Faith – Bhagavad Gita, Ch 17

Faith - Screen Shot 2018-10-19 at 7.32.19 AM

Translations of the verses of this chapter often appear to be directed toward the priesthood as given in the Vedas (specific texts on Truth). But we also find imbedded within the Sanskrit, their association with the God-practice Lord Krishna is teaching Arjuna (and us).

Considering the fear of risk, which the idea of faith naturally invokes, it occurs to me that faith is the essence of ‘surrender’, or sacrifice, as defined in this God-practice. This risk is represented in the Mahabharata as the gambling of Yudhishthira, Arjuna’s brother, with the blind king’s son, Duryodhana. Yudhishthira lost the toss, and he and his brothers were caused to live undetected for eleven years.   

  • Duryodhana (‘hard fighter’) represents ego-centered desire — he fights hard for what he wants.
  • Yudhishthira means ‘standing firm in battle’. He is the epitome of ‘discipline’ — determined, and going ahead anyway no matter what.

Faith

śhraddha – faith, having faith in, believing in, trusting in, having confidence in.

For some people, faith is the same as belief, and for others it is not. The Sanskrit for ‘faith’ (śhraddha) includes both belief and trust. I usually make a distinction between belief and genuine faith. Personally, I consider belief to be a mental position. True faith, on the other hand, is the outcome of proof that establishes it.

I also see Faith as a position one might take to determine if the object of Faith is, in fact, reliably true. In this case, Faith is assumed, and whether or not the object of Faith (i.e., a person, belief or teaching) can be trusted would remain to be seen. One would then use this assumed Faith to prove or disprove it.

For instance, you decide to ‘go on faith’ that there is a God (God is the object of faith) in order to prove or disprove the existence of God. This would require taking some kind of action. Such action would be a sustained practice, such as meditation, as a viable means of testing it. Without proof, it is only an opinion or a belief.

  • Opinion – you think something is true.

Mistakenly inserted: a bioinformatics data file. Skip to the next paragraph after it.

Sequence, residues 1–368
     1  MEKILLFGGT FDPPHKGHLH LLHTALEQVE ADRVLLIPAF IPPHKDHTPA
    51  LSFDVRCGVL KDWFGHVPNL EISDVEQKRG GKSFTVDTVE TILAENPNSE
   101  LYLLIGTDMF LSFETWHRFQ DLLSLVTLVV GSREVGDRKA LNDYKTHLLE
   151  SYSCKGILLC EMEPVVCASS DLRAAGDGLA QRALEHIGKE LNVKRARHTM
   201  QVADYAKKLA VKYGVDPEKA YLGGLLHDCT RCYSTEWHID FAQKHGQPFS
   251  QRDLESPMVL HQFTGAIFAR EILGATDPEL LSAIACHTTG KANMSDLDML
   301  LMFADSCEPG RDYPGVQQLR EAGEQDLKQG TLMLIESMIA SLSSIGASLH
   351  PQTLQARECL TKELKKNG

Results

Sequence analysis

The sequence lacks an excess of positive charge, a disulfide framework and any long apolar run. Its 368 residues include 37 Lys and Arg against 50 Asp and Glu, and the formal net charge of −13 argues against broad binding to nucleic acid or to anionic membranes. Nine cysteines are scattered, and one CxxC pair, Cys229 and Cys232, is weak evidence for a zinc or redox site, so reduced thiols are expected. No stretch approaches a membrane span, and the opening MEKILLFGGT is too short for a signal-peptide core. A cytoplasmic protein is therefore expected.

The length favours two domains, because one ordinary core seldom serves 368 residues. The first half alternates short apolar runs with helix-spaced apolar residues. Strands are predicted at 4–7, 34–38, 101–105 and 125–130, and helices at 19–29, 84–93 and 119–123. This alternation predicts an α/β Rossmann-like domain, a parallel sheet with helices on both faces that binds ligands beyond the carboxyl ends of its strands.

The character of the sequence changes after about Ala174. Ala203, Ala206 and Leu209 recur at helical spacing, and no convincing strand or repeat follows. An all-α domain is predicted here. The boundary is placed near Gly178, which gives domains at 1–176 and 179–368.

• Belief – your are certain something is true (whether it is or not).
  • Faith – you know something is true because it has been proven to you.

With Surrender Meditation, one ‘goes on faith’ that this practice will deliver what it promises. It is tested by the meditation itself and proved soon or over time. During this time, new realizations arise, and faith is gradually established with the culmination of each realization.

  • Realization – the act of becoming fully aware of something as fact.

Belief alone is prone to error. Just because someone believes something is so, doesn’t mean it is. Belief is especially problematic if a person is subject to self-deception (which most people are), or is desperate for personal validation (which most people assiduously seek). One would not need belief if one knew for certain that a given object of faith could be counted on without reservation, because it has proven itself to be so.

In spiritual matters, true Faith comes as the result of direct experience. Direct experience is experience without any means — mental, physical or emotional — and is neither ‘gut instinct’ nor intuition. Through meditation practiced correctly, one can experience Truth/God directly and know the Truth for certain, whereas anything perceived indirectly is subject to error.

Laboratory
Make your meditation your lab.

In practical matters, proof should show itself the same way numerous times under the same conditions before it is accepted as true.  

Determining your faith or certainty regarding something or someone will require a little risk on your part. However, most people are not amenable to taking risks of this kind. Even those who take risks at the blackjack table or invest the family fortune in a questionable venture, are often unwilling to take any risk in order to find Truth

Whether your quest centers on a person, a thing, or a theological premise, such as whether there is a God or not, or if your Guru is the real deal or not, you must first look within yourself and then take the leap. 

Look Inside Yourself

  • Have I seen correctly?
  • Is there anything within my own mind and feelings that is in error?
  • Might I have some kind of agenda of which I am unaware? What is it?
  • Am I avoiding any red flags? Or am I seeing what I want to see?
  • Am I in denial about anything I perceive about this?
  • Do I really understand this, or this person and their actions and motivations?
  • Have I really looked and attempted to understand, or am I waiting for them to understand me?

Acquiring faith will always involve some sense of risk, whether anything is actually at risk or not. But this is a good thing for it can bring you real faith and real validation, and the only real risk is to your ego.

Namaste (I bow to the divine one that you really are),
Durga Ma